Now, I hope people understand that Medicare today is, is, is, is important, but it doesn't keep up with the new medicines. If you're a Medicare person, on Medicare, you don't get the new, new procedures. You're stuck in a time warp in many ways.
So it will be a modern Medicare system that trusts you to make a variety of options for you.
You're going to live in a peaceful world. It will be a world of peace, because we're going to have a clearer, clear-sighted foreign policy, based upon a strong military, and a mission that stands by our friends, a mission that doesn't try to be all things to all people, a judicious use of the military which will help keep the peace.
You'll be in a world hopefully that's more educated so it's less likely you'll be harmed in your neighborhood. See, an educated child is one much more likely to be hopeful and optimistic.
You'll be in a world which fits into my philosophy, you know, the harder work, the harder you work, the more you can keep. It's the American way. Government shouldn't be a heavy hand. It's what the federal government does to you. It should be a helping hand. And tax relief and proposals I just described should be a good helping hand.
LEHRER: Governor, the next question is for you. And Leo Anderson (ph) will ask it.
Mr. Anderson (ph)?
BUSH: Hi, Leo (ph). What, you want a mike?
QUESTION: In one of the last debates held, the subject of capital punishment came up. And in your response to the question you seemed to overly enjoy, as a matter of fact proud that Texas leads the-led the nation in execution of prisoners.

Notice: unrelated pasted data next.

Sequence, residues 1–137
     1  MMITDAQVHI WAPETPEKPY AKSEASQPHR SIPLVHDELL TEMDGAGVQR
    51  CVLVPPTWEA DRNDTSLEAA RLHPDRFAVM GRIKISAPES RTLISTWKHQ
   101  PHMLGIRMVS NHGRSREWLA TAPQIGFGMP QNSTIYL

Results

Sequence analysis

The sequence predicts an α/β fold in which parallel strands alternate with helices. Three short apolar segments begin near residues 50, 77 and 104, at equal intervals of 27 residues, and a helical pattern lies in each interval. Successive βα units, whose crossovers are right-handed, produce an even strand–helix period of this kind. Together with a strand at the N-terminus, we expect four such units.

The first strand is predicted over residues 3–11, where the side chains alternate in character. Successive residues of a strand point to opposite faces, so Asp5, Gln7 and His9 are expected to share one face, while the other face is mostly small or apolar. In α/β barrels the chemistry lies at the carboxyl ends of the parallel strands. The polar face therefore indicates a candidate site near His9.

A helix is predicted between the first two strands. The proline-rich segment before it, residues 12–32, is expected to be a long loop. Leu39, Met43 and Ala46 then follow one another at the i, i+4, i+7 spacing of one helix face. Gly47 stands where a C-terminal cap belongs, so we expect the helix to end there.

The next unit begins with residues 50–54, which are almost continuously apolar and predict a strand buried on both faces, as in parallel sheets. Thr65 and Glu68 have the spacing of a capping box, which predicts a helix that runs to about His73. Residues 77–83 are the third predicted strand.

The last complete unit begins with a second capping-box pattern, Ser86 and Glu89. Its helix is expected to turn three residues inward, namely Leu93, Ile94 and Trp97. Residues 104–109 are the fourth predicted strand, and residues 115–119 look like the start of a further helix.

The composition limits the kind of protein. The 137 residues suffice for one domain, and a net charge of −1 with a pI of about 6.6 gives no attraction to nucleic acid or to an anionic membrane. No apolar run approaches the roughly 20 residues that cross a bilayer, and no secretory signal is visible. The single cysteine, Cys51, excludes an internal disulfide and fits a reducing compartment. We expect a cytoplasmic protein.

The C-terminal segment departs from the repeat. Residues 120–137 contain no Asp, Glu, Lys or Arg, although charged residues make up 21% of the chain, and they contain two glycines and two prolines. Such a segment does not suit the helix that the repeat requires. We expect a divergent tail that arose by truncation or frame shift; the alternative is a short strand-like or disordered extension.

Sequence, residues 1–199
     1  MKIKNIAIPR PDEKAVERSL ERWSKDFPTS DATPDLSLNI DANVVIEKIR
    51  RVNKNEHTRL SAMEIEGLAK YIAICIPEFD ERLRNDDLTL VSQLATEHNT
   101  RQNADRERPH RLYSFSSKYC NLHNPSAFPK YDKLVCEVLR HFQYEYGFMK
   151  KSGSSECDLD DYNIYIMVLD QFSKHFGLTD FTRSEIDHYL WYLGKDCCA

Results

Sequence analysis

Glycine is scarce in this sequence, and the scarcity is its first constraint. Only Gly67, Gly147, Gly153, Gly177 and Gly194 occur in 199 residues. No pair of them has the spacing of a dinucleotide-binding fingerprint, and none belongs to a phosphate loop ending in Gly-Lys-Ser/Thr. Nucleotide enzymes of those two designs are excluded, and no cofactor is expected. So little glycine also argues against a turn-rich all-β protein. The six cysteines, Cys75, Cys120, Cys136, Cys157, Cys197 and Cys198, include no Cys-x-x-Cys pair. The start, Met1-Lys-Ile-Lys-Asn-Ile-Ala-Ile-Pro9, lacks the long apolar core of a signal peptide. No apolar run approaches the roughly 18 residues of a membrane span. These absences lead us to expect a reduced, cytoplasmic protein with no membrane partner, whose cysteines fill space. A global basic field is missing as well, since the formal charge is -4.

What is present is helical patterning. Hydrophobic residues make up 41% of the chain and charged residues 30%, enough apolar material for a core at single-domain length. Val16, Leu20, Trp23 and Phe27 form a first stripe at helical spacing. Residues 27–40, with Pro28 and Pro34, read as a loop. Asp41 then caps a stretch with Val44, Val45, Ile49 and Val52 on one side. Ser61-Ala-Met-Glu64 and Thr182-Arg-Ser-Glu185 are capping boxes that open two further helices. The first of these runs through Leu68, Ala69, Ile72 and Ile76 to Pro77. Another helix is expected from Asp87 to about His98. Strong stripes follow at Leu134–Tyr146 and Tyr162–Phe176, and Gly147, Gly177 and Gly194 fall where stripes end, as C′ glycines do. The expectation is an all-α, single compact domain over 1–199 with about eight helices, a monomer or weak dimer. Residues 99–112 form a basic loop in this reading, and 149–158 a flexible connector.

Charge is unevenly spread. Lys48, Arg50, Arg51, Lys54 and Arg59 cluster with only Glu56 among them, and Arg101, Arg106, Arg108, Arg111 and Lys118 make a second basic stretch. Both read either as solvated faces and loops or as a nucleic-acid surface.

Sir, did I misread your respond, and are you really, really proud of the fact that Texas is number one in executions?
BUSH: No, I'm not proud of that. The death penalty is very serious business, Leo. It's an issue that good people obviously disagree on. I take my job seriously, and I, if you think I was proud of it, I think you misread me, I do.
I was sworn to uphold the laws of my state. During the course of the campaign in 1994 I was asked: Do you support the death penalty? I said I did, if administered fairly and justly, because I believe it saves lives. Well, I do. I think if it's administered swiftly, justly and fairly, it saves lives.
One of the things that happens when you're a governor, oftentimes you have to make tough decisions, and you can't let public persuasion sway you, because the job's to enforce the law. And that's what I did, sir.